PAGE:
A company’s relationship with its employees may be the crown jewel of the business. Often these relationships are evidenced by employment agreements which contain some form of post-employment nonsolicitation and non-competition covenants.
Such provisions may not be enforceable in all states, such as California. However, if the covenant is enforceable, a buyer may want to retain the target company’s key employees and discourage them from walking out after the closing and competing against the business.
That may not be doable if the buyer is buying the assets of the company, that has non-competes with its key employees. In that case the employees may have the right to veto the assignment of the restrictive covenant.
It is much more doable if the target is to be acquired in a stock purchase or merger. That is because no assignment to the buyer is required. In such cases the only problem would be a provision in the agreement with the employee that says the covenant terminates upon the sale of a controlling interest in the target by stock purchase or merger. And that type of provision is not common in agreements with employees.
This case involved the nonsolicitation and non-compete covenant of an employee of the target company in the insurance services business that was acquired by stock merger. Essentially, the buyer merged the target into the buyer and the owners of the target received stock in the buyer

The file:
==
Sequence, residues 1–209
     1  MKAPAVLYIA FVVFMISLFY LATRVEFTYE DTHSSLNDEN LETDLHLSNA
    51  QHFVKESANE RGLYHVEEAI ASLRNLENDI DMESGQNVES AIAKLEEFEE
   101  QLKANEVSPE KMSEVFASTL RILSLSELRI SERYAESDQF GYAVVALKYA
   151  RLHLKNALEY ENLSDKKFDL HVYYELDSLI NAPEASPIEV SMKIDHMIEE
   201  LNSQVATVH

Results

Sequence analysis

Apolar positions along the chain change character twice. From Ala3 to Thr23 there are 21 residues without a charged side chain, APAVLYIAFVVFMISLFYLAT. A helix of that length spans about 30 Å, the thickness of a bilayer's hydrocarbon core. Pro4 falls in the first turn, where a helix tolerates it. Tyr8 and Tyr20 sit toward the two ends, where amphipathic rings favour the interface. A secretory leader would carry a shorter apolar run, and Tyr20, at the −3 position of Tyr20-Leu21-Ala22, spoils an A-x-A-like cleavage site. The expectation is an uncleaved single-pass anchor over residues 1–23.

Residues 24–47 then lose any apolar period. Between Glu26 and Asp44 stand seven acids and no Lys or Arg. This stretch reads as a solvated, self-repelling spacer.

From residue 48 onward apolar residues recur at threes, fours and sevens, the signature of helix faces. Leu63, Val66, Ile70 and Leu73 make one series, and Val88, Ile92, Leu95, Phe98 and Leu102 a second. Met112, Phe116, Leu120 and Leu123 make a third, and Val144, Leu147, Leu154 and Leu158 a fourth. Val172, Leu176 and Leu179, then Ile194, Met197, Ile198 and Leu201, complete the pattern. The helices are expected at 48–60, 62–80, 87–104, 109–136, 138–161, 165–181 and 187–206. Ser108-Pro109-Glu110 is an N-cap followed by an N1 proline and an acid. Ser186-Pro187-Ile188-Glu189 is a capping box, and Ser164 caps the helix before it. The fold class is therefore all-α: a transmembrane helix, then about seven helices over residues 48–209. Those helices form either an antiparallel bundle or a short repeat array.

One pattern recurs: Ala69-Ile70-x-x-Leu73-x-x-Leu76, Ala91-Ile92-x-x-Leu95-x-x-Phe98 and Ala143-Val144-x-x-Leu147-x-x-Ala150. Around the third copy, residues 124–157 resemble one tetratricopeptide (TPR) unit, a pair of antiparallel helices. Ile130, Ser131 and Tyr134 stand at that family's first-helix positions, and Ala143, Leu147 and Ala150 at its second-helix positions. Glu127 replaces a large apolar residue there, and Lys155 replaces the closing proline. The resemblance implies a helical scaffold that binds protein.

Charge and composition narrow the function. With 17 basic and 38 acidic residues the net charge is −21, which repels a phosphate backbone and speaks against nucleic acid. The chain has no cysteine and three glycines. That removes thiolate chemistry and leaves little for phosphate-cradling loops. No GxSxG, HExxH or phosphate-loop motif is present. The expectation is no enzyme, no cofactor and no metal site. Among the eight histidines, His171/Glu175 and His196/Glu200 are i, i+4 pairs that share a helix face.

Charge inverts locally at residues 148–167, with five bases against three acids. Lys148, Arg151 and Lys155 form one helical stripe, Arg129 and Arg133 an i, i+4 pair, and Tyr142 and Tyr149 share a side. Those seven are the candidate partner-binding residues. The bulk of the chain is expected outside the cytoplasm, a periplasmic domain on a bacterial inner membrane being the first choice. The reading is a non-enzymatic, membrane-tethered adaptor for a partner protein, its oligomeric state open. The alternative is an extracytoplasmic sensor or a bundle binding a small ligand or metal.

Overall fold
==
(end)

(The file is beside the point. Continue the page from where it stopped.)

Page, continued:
The key employee ultimately quit the target business to work for a competitor clearly soliciting target clients and handling insurance for the target’s former clients.
The buyer sued the key employee for violation of its covenants in a Seattle federal district court. The employee argued that his restrictive covenants were with the target company and not the buyer. The court disagreed, saying that under applicable Washington law, when the target company merged into the buyer, the buyer by operation of law acquired all the rights to the key employee’s restrictive covenants.
This case is referred to USI Insurance Services National, Inc. v. Ogden, LLC, No. C17-1394RSL, United States District Court, W.D. Washington, Seattle, (March 6, 2019).
Buying assets can be problematic if a lot of the target company’s value are in contracts with suppliers, customers and landlords. You can bet that many of those contracts will require the consent of the supplier, customer or landlord to the target’s assignment of the contract to the buyer.
It can be much easier if you structure the deal as a stock purchase or merger. Often the contracts do not require the consent of the other party when the target company is acquired by stock purchase or merger. In those deals, if the contract does not require consent then the contracts transfer by operation of law; meaning no documents calling for contract or lease assignments.
By John McCauley: I help businesses minimize risk when buying or selling a company.
Telephone: 714 273-6291
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